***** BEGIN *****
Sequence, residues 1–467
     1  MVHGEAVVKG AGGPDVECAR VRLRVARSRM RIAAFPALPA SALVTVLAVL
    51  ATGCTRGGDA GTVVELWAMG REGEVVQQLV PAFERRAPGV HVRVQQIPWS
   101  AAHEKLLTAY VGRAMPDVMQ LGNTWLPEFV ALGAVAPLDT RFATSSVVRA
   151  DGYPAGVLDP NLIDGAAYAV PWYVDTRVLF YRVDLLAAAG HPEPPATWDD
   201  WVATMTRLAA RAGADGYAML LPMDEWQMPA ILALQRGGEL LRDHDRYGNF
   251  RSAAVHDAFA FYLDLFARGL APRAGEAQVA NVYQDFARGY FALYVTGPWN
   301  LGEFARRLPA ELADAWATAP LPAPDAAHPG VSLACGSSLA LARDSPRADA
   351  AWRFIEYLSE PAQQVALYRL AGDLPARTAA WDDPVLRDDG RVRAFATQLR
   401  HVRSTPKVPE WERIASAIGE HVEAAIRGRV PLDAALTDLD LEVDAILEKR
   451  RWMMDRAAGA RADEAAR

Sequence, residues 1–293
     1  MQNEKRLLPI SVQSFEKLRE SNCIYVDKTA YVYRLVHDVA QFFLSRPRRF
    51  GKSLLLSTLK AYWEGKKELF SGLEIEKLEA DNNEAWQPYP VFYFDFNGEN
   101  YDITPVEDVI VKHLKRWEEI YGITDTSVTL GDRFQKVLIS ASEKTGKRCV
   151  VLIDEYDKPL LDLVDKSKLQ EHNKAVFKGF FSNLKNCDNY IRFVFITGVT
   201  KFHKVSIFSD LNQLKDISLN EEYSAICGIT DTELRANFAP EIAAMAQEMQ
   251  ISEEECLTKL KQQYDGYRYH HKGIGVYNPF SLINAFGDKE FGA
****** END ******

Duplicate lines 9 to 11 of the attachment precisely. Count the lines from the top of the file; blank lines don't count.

   351  AWRFIEYLSE PAQQVALYRL AGDLPARTAA WDDPVLRDDG RVRAFATQLR
   401  HVRSTPKVPE WERIASAIGE HVEAAIRGRV PLDAALTDLD LEVDAILEKR
   451  RWMMDRAAGA RADEAAR